Fresh Start

A unique Detroit program rolls out the welcome mat for the homeless
Photograph by Dave Krieger

Joyce James rummages in her fanny pack looking for a picture of one of her granddaughters. “I know it’s in here somewhere,” she says, her gray-streaked dark hair offset by the Day-Glo chartreuse vest she wears on the job.

“Ah, here it is,” she says triumphantly. “This is Charlie.” James extracts what looks like a school photo of a young girl with long braids and a smile full of baby teeth. “Isn’t she adorable?” she says, beaming as any grandmother would.

The 60-year-old is all smiles lately, even when she isn’t bragging about her granddaughters.

That wasn’t always so. A year ago, James was homeless and unemployed. And a year before that, she was addicted to drugs. Now, thanks to some homegrown help, James is a full-time employee of Clean Downtown, a beautification initiative. Since the beginning of October, she’s been living in her own place just off Griswold. “Still need some furniture,” she says, with a Cheshire grin. “But I’m happy.”

Then the smile rolls from her face. “You know, I had been using for 18 years. But I had hit my bottom. I couldn’t do it anymore, and I knew I needed a fresh start.”

James’ new beginning started when she enrolled in a 90-day treatment center in Detroit. “I knew I was done with that life,” she says. “I went against the grain for so long, it was time to change.”

After treatment and a short stint in Baton Rouge, La., where she worked two jobs and lived in a Catholic homeless shelter, she returned to her hometown, Detroit. “I left Detroit; I needed a change of scenery, but it just wasn’t right down there,” she says.

It was here that she was connected with a program to which she says she owes much. It’s called 2-1-1 On the Go!, the only one of its kind in the country. Most communities offer the basic 2-1-1 human-services program: People seeking help dial the three numbers and ask for directions to a soup kitchen or shelter, or inquire about employment opportunities. In Detroit, appropriately, that program has been put on wheels — on the go.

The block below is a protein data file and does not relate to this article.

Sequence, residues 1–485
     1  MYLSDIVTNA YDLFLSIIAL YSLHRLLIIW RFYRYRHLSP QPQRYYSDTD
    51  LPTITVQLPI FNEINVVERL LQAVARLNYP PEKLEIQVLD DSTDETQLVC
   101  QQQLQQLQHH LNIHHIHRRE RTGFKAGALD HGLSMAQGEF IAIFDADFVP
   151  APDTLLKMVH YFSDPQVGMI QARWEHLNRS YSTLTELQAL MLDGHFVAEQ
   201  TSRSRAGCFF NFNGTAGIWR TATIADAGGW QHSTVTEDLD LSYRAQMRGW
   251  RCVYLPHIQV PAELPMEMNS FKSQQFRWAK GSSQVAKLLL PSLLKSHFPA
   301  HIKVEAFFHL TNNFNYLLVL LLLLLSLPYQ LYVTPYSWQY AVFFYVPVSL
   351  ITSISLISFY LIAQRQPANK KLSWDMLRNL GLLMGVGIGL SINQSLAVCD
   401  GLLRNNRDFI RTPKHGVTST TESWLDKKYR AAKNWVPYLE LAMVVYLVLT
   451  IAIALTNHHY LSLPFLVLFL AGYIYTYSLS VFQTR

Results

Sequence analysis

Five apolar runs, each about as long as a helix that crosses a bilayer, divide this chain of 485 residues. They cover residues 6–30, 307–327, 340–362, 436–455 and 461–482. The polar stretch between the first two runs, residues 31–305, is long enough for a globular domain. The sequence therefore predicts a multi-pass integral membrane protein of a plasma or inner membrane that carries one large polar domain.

A year ago, Cindy Pasky, the high-profile president of Strategic Staffing Solutions, presented 2-1-1 On the Go! as a concept to the Downtown Detroit Partnership board. Soon afterward, Roger Penske signed on, and United Way involved its 2-1-1 referral service. Now Detroit’s pilot program is regarded as a model for other cities.

In Detroit, United Way administers 2-1-1 On the Go!, which has put two Chevy Cobalts on city streets, where, with the help of some pretty high-tech equipment, they offer services to homeless people who are ready, willing, and able to take the next step.

“There are a lot of homeless people out there who just need a little help,” says John Azoni, one of two social workers who operate the 2-1-1 cars. “They’re ready to improve their lives, but have barriers that prohibit that. Things like no transportation, no phone number in case someone called for a job, or no mailing address. We help remove these barriers.”

Azoni says about 18,000 homeless people live on Detroit streets, making the program essential to improving the city. Though 2-1-1 On the Go! is relatively new, it has seen some great successes — James among them.

“Joyce [James] is exactly who we are trying to help,” Azoni says. “Through her own motivation and with our navigation, she improved her life.”

She personifies the 2-1-1 goals. “If it weren’t for them, I’d still be homeless,” she says. “They’re awesome. People tell me that I smile so much now and I say, ‘I even smile in my sleep.’”